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tion, or even which experience might suggest concerning some particular miracles, if considered independently of others. The miracles of Christ were of various kinds, and performed in great varieties of situation, form and manner; at Jerusalem, the metropolis of the Jewish nation and religion, in different parts of Judea and Galli lee; in cities, in villages; in synagogues, in private houses; in the street, in highways; with preparation, as in the case of Lazarus; by accident, as in the case of the widow's son at Nain; when attended by multitudes, and when alone with the patient; in the midst of his disciples, and in the presence of his enemies; with the common people around him, and before scribes and pharisees, and rulers of the synagogues.

I apprehend that, when we remove from the comparison, the cases which are fairly disposed of by the observations that have been stated, many cases will not remain. To those which do remain, we apply this final distinction; "that there is not satisfactory evidence, that persons pretending to be original witnesses of the miracles, passed their lives in labours, dangers and sufferings, voluntarily undertaken and undergone in attestation of the accounts which they delivered, and properly in consequence of their belief of the truth of those accounts."

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Having inserted all the papers and letters that can be found concerning the first American Episcopate, during the progress of the negociation; it is deemed proper to conclude with the following act of recognition by the Clergy of Connecticut, and Bishop Seabury's address in reply, although they are documents which were published at the time. EDITOR.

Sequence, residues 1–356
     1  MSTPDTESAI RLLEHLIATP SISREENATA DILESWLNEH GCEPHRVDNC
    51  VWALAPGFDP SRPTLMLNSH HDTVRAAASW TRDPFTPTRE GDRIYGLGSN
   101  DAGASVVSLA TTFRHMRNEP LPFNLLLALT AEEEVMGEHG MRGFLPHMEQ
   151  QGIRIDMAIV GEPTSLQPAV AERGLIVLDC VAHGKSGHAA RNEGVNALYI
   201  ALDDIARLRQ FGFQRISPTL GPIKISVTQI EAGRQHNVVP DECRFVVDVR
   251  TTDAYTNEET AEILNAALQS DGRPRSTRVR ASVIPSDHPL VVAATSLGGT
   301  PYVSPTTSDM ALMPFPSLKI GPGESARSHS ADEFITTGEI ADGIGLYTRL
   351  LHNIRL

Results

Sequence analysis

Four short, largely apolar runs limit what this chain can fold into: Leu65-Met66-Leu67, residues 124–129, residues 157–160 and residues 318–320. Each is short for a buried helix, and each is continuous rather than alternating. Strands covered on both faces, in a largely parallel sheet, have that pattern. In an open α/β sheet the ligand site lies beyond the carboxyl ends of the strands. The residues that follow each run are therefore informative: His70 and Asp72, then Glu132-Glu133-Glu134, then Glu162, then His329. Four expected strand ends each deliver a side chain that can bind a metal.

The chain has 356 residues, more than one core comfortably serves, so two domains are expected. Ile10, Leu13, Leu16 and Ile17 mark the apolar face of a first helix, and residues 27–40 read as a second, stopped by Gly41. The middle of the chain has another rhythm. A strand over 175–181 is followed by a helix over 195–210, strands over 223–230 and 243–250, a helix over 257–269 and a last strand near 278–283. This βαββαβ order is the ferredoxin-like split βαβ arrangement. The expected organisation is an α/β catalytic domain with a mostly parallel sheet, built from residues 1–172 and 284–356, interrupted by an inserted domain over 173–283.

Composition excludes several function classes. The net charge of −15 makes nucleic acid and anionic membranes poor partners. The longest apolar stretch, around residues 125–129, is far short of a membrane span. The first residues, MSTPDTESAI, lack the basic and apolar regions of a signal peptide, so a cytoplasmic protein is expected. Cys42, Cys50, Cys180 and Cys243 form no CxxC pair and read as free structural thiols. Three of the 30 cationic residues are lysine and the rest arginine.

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人家

To the Right Reverend Father in GoD, SAMUEL, by divine Providence, BISHOP of the Episcopal CHURCH in CONNECTICUT. The ADDRESS of sundry of the Episcopal Clergy in the State of Con

necticut.

REVEREND FATHER,

WE, who have hereunto subscribed our names, in behalf of ourselves, and other presbyters of the Episcopal Church, embrace with pleasure this early opportunity of congratulating you on your safe return to your native country; and on the accomplishment of that arduous enterprize in which, at our desire, you engaged. Devoutly do we adore and reverently thank the Great Head of the Church, that he has been pleased to preserve you through a long and dangerous voyage; that he has crowned your endeavours with suc cess, and now at last permits us to enjoy under you, the long and ardently desired blessing of a pure, valid, and free Episcopacy: A biessing which we receive as the precious gift of God himself; and humbly hope that, the work he has so auspiciously begun, he will confirm and prosper, and make it a real benefit to our Church, not only in